How can we use hub pages to find authoritative pages?

A hub is a set of Web pages that supports sets of links to authorities. Hub pages cannot be prominent, or there can exist some links pointing to them; however, they supports links to a set of prominent sites on a general topic.

Such pages can be lists of recommended connections on single home pages, including recommended reference sites from a course home page, or professionally massed resource documents on commercial sites. Hub pages play an essential role of implicitly conferring authorities on a targeted topic.

In general, a good hub is a page that points to several good authorities; a good authority is a page indicated to by several good hubs. Such a mutual reinforcement relationship among hubs and authorities supports the mining of authoritative Web pages and automated discovery of high-quality Web architecture and resources.

An algorithm utilizing hubs, known as HITS (Hyperlink-Induced Topic Search), was produced as follows. First, HITS needs the query terms to collect a beginning set of, say, 200 pages from an index-based search engine. These pages design the core set.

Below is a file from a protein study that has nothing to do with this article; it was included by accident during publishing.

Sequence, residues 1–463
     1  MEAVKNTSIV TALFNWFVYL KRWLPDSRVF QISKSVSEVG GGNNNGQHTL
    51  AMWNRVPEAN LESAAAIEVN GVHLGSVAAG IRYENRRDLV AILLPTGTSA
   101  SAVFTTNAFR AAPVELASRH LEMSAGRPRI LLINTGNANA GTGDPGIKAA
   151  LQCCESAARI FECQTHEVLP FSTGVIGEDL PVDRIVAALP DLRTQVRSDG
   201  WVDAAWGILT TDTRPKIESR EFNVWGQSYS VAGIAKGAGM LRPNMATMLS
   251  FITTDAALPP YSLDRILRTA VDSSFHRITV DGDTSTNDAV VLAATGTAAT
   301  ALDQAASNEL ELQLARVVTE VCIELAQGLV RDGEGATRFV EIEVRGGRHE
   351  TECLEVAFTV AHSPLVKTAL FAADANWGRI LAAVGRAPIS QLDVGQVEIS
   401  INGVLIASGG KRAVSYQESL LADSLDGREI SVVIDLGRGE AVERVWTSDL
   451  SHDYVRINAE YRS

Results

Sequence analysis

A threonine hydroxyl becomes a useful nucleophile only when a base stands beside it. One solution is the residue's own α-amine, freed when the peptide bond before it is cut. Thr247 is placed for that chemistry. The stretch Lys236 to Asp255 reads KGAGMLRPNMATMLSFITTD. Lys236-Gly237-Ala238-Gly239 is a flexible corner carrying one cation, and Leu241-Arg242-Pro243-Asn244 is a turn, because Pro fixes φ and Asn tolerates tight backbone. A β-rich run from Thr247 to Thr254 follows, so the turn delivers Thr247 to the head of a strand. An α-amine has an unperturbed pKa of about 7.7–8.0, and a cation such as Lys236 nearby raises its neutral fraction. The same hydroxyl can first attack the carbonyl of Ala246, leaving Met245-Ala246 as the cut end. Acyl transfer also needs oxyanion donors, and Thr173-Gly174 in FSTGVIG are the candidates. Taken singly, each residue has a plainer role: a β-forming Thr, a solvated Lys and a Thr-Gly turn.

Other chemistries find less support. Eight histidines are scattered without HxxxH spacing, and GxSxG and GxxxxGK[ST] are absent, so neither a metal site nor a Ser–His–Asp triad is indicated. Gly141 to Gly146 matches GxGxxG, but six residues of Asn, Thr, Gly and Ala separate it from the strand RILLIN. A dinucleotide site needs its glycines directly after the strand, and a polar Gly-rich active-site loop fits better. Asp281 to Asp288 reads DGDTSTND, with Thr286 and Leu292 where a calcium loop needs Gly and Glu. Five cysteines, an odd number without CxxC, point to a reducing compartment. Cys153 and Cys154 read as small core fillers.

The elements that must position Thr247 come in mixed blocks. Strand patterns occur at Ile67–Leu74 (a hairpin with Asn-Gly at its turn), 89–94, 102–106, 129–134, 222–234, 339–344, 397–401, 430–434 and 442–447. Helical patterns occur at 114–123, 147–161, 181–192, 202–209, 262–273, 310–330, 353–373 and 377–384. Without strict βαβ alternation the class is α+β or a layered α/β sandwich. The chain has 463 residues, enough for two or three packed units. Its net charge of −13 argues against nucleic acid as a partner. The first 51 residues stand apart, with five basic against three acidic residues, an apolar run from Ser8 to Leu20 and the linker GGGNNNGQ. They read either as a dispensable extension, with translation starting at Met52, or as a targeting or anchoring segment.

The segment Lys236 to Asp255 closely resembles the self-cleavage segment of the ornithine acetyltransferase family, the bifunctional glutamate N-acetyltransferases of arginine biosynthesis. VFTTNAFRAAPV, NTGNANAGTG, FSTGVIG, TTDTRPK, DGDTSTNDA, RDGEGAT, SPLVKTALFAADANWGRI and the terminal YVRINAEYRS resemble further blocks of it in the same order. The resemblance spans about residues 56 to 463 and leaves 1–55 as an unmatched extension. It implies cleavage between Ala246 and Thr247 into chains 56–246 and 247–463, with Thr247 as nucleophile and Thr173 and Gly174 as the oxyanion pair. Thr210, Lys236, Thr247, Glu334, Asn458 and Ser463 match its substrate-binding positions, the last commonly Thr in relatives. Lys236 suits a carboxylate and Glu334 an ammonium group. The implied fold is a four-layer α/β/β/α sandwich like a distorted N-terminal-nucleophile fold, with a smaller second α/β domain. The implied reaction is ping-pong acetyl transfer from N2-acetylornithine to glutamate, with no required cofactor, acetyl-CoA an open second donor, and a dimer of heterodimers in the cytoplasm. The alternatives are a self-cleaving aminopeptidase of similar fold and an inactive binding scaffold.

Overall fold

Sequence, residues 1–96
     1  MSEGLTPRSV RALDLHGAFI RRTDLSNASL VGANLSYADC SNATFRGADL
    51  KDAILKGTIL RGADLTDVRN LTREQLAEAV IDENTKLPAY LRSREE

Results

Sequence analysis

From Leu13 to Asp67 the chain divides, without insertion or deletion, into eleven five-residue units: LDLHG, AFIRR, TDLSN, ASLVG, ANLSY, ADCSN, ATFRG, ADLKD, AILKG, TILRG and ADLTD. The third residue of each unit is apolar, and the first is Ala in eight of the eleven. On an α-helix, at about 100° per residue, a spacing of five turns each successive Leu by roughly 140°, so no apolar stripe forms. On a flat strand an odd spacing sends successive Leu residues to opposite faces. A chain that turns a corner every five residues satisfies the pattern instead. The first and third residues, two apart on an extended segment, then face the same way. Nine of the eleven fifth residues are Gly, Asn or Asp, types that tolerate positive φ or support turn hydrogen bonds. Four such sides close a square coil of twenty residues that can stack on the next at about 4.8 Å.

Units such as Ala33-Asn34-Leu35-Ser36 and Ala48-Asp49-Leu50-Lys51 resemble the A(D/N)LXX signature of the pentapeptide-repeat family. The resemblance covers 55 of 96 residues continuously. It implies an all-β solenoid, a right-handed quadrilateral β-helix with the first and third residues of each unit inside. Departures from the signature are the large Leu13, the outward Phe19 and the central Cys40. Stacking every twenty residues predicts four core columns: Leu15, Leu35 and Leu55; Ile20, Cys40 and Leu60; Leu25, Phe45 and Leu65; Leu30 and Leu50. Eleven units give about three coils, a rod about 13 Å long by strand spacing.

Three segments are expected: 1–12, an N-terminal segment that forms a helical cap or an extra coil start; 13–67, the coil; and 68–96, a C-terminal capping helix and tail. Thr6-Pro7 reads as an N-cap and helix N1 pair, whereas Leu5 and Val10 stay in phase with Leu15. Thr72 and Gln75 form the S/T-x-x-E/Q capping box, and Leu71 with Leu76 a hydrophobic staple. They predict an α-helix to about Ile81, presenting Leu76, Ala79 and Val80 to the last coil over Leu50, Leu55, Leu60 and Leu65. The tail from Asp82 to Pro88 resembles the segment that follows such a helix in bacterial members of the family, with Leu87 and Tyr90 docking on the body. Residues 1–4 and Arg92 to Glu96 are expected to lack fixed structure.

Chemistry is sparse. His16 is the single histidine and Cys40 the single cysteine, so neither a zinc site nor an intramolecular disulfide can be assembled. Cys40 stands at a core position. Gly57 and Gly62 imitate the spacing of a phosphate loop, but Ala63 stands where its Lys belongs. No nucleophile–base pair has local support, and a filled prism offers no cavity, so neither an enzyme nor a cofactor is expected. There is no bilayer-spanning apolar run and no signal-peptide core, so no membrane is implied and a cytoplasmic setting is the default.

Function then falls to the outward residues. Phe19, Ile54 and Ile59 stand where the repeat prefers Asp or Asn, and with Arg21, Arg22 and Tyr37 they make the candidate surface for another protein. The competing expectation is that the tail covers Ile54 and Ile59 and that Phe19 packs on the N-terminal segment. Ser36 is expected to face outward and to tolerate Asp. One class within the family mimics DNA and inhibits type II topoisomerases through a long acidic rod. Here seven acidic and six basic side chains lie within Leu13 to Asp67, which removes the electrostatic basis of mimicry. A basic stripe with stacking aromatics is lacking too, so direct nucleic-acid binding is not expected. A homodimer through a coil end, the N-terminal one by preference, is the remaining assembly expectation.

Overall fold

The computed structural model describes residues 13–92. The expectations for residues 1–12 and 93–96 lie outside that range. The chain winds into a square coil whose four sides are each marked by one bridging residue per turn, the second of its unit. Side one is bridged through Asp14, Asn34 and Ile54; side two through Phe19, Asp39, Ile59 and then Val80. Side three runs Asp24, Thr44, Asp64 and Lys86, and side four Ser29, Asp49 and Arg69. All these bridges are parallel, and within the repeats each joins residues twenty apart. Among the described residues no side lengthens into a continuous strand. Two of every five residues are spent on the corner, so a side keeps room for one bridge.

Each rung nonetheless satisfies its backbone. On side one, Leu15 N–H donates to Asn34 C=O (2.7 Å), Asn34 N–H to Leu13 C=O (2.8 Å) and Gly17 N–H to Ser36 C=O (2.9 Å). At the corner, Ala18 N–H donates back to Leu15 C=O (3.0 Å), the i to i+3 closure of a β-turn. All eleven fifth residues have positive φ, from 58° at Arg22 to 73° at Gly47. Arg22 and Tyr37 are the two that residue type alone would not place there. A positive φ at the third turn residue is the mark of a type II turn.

Because several pages are presumably relevant to the search topic, some of them should include links to most of the prominent authorities. Hence, the core set can be expanded into a base set by involving some pages that the core-set pages link to and some pages that link to a page in the core set, up to a designated size cut-off including 1,000 to 5,000 pages (to be contained in the base set).

Second, a weight-propagation process is started. This iterative phase decides statistical estimates of hub and authority weights. There are the links among two pages with the similar Web domain (i.e., sending the same first level in their URLs) serve as a navigation service and therefore do not confer authority. Such links are unauthorized from the weight-propagation analysis.

Google’s PageRank algorithm depends on a same principle. By exploring Web links and textual context data, it has been documented that such systems can obtain superior-quality search results than those created by term-index engines like AltaVista and those generated by human ontologists including at Yahoo!

The link analysis algorithms depends on the following two assumptions. First, links send human endorsement. If there exists a link from page A to page B and these two pages are authored by several people, then the link uses that the author of page A found page B valuable. Therefore the significance of a page can be raised to those pages it links to. Second, pages that are co-cited by a specific page are likely associated to the same subject.